Fires

Overview

Wildland fire research and applications spans across multiple NASA programs, and fire itself, is an integral natural process that acts to maintain ecosystem biodiversity and structure.  Wildland fire, which includes any non-structure fire that occurs in vegetation or natural fuels, is an essential process that connects terrestrial systems to the atmosphere and climate.  However, the effects of fire can be disastrous, both immediately (e.g., poor air quality, loss of life and property) and through post-fire impacts (floods, debris flows/landslides, poor water quality).

Burning forest fire. Image Credit: Conard

Image Credit: Conard

NASA Earth observations and models are used to support pre-, active- and post-fire research, as well as the applicable use of these data and products in support of management decisions and strategies, policy planning and in setting rules and regulations.  A few examples are provided below that highlight NASA capabilities and our ability to engage partners and provide information to stakeholder communities.  

Active Fire Assessment

Working with NASA research and applied communities, National Oceanic and Atmospheric Administration (NOAA), and the United States Department of Agriculture Forest Service (USFS), an enhanced active fire detection (Thermal Anomaly) algorithm and product was developed and is in use operationally.  These new data are derived using data from the Visible Infrared Imaging Radiometer Suite (VIIRS) instrument on the Suomi NPP satellite.  These enhanced data products provide higher spatial resolution and are publically available worldwide: https://lance.modaps.eosdis.nasa.gov/

The USFS and NASA work closely to ensure data are quickly available for regional planning, fire identification and model initialization.  Summarized satellite and fire data that are applicable to fire management communities are available through the USFS websitehttp://www.fs.fed.us/eng/rsac/

Disaster Mitigation

Through the NASA Applied Science Program Wildland Fires, Principle Investigators and their teams have rapidly responded to numerous national and international fire events to provide information critical to disaster mitigation.  For example, the Fort Mc Murray fire burned in Alberta, Canada from 1 May to 5 July 2016 and consumed 607,028 hectares (6,070 km^2).  The fire forced more than 80,000 people from their homes, and it is the costliest disaster in Canadian history (estimated $3.58 billion).

Tracing smoke: Implications for air quality, health and climate

NASA data are capable of viewing a slice of smoke through the atmosphere and tracking these smoke-laden emissions around the Earth.  With this type of lidar data, we are able to accurately estimate the height of smoke; this is significant because smoke travels faster at higher altitudes.  With this information, we are able to provide accurate air quality warnings.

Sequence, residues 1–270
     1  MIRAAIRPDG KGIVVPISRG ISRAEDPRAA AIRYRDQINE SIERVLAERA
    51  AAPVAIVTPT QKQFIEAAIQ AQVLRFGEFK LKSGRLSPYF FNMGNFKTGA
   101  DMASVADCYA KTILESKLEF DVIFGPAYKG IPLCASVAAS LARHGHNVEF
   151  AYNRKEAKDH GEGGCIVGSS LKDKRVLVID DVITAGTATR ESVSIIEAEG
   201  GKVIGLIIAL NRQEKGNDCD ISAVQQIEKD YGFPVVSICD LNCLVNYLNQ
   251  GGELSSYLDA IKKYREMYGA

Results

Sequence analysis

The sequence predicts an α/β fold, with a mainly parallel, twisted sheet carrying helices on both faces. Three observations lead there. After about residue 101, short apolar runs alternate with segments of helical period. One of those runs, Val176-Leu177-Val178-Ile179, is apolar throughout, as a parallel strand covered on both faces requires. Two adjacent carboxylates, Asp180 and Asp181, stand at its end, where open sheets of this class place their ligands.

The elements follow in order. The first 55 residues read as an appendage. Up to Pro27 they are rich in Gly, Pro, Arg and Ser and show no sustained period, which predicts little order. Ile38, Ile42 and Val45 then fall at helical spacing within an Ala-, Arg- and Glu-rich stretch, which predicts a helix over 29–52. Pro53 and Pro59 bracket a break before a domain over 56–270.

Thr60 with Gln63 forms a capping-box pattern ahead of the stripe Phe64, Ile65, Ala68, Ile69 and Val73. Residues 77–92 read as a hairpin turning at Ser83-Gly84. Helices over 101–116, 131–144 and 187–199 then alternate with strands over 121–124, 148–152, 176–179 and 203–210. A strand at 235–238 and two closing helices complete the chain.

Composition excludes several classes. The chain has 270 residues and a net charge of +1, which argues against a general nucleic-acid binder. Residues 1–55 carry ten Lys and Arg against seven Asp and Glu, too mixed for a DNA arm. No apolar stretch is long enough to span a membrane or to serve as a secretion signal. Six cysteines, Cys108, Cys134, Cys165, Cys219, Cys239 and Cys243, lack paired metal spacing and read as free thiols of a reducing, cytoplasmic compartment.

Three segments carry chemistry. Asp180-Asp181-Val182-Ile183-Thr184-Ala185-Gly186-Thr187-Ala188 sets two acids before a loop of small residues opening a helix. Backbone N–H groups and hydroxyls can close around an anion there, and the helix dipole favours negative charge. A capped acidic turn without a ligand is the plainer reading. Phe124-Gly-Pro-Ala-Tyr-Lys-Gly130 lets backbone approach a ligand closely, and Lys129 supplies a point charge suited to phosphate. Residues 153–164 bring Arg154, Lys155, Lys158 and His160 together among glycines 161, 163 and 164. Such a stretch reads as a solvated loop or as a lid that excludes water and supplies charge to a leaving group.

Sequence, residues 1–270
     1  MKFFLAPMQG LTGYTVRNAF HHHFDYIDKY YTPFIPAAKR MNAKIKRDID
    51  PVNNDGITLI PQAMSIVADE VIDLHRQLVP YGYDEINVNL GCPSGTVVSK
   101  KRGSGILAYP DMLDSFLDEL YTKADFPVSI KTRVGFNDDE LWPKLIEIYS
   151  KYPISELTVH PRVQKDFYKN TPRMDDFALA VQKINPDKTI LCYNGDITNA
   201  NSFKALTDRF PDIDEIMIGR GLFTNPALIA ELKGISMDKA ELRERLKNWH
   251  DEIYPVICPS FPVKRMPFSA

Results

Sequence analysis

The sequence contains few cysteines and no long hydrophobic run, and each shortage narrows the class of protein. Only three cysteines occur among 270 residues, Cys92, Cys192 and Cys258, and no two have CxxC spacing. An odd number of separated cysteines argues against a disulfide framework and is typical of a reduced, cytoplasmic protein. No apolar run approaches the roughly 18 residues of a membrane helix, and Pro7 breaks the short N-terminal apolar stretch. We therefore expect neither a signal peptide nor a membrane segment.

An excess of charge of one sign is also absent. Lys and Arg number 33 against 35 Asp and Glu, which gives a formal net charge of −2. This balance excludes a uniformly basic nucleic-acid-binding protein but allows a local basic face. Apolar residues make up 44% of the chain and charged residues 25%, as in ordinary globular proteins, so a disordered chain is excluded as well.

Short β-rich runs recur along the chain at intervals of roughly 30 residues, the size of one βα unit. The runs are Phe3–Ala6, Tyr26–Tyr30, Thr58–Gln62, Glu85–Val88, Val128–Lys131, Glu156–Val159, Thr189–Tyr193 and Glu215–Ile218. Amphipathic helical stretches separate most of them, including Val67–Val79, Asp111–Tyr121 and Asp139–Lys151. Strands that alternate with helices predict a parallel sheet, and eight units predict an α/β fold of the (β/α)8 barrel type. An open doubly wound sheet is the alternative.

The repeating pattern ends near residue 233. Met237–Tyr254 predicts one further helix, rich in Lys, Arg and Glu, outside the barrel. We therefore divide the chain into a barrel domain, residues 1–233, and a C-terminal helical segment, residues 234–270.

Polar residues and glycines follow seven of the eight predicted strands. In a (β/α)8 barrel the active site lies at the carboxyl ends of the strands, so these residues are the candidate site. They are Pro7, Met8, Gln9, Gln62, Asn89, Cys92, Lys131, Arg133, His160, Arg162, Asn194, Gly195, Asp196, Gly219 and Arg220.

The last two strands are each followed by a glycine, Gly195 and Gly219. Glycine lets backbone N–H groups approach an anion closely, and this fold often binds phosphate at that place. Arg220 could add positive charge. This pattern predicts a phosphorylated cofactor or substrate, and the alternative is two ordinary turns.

Latest Updates

December 11, 2017
Acquired December 5-7th, 2017
Acquired December 5-7th, 2017 This data was acquired by the ”Classic” Airborne Visible Infrared Imaging Spectrometer (AVIRIS-C) instrument on December 5-7th. This is an instrument that flies on NASA Armstrong Flight Center’s high altitude ER-2 aircraft. It observes light in visible and infrared wavelengths, measuring the full spectrum of radiated energy. Unlike regular cameras with three colors, AVIRIS-C has 224 channels from the visible through the shortwave infrared, which...
December 14, 2017
Damage Proxy Map for Southern California Fire.
Graphic produced December 13, 2017 with imagery acquired 11/28/17 & 12/10/17 The Advanced Rapid Imaging and Analysis (ARIA) team at NASA's Jet Propulsion Laboratory in Pasadena, California, and Caltech, also in Pasadena, created this Damage Proxy Map (DPM) depicting areas in Southern California, including Ventura, that are likely damaged (shown by red and yellow pixels) as a result of wildfires. The map is derived from synthetic aperture...
October 27, 2017
PolSAR Mosaic Image
UAVSAR aboard the NASA502 aircraft imaged Napa County, California on October 16 to observe areas affected by several wildfires that started on October 8 and burned thousands of buildings as well as vineyards and forests. PolSAR mosaick of HH, HV, VV polarization overlay images. The fire perimeters (red) are from the USGS Geospatial Multi-Agency Coordination website as of October 17.   The fires from north to south are: Pocket, Tubbs, Nunn, and Atlas respectively.....
October 25, 2017
NASA's Terra Satellite Image
As firefighters continue to work toward full containment of the rash of wildfires burning in Northern California. This image from NASA's Terra Satellite acquired on Oct. 21, 2017, shows the growing fire scar on the landscape. As firefighters continue to work toward full containment of the rash of wildfires burning in Northern California, a new image from the Advanced Spaceborne Thermal Emission and Reflection Radiometer (ASTER) instrument on NASA's Terra satellite shows the growing...
October 19, 2017
MODIS and CATS Imagery acquired Oct 11, 2017
Over a dozen wildfires have been burning since Oct. 08, 2017 in Northern California, killing 31 people, burning 2220,000+ acres and destroying over 3,500 homes. Smoke has blanketed the San Francisco Bay area, as shown in MODIS and CATS imagery from Oct. 11, 2017 (red circle). The smoke plume extends as high as 3-4 km according to the CATS backscatter and has resulted in the worst air quality ever recorded in many parts of the Bay Area.     

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